As Germany and Switzerland work to phase out their nuclear power plants, the countries are becoming vast laboratories for renewable energy research, and EVs are an important part of the equation. A team from the Fraunhofer Institute for Industrial Engineering, together with Daimler and the University of Stuttgart, has announced a project called charge@work, whose aim is to design a micro smart grid (MSG) capable of supplying an EV fleet with electricity produced exclusively from renewable sources.
“Charging an electric vehicle fleet poses high requirements on the energy system. Setting up an EV charging infrastructure of this kind is impossible without smart charging and load management,” says Hannes Rose, head of the Mobility Innovation Lab at the Fraunhofer Institute.
The system includes a charging station that can recharge up to 30 EVs at a time, providing up to 340 kW; a lithium-ion battery storage unit; a redox flow battery; a photovoltaic unit and a 30-meter-tall wind turbine that delivers 10 kW, as well as energy management software.
The MSG, which can be run in “island mode” or connected to the local power grid, is designed as a DC grid. “Photovoltaic facilities and battery storage devices both use direct current. We settled on a DC design for our micro smart grid to avoid the losses that occur when transforming AC into DC,” explains Rose.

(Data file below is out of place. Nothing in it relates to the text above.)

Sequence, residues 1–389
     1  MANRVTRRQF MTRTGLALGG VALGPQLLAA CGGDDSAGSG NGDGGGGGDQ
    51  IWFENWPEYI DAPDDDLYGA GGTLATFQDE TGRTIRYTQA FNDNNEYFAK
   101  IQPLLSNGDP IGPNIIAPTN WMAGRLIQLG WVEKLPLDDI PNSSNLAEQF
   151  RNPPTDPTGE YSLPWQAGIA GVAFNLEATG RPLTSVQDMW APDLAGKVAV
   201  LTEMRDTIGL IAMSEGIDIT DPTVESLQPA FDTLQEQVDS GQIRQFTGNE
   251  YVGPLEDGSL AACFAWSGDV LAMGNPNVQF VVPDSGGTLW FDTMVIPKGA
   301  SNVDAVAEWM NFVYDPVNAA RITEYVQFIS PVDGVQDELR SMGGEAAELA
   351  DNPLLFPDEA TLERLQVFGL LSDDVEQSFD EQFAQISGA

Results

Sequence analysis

The scientists plan to create a testing environment that will allow public utilities, industrial firms and communities to explore the potential of micro grids. Using the Fraunhofer MSG demonstrator, project partners can test their hardware and software components, and investigate options for allowing other consumers to connect to the MSG.
“As Germany continues to move toward a new energy economy, increasing demand is being placed on the country’s power grids,” says Rose. “Wind and photovoltaic facilities generate electricity intermittently, which doesn’t always match customer demand. The grid has to compensate for these fluctuations, increasing the risk of power outages. We can counteract this risk by establishing decentralized supplies of electricity and by optimizing the way we manage our energy. And doing so also serves to increase our independence from energy price trends by largely eliminating the need to import electricity.”
As part of its contribution to the project, Daimler is making 260 EVs available to employees, with 170 charging points at five Daimler plants in Stuttgart.
Source: Fraunhofer Institute , Green Car Congress
Image by Victor S. Brigola / Fraunhofer IAO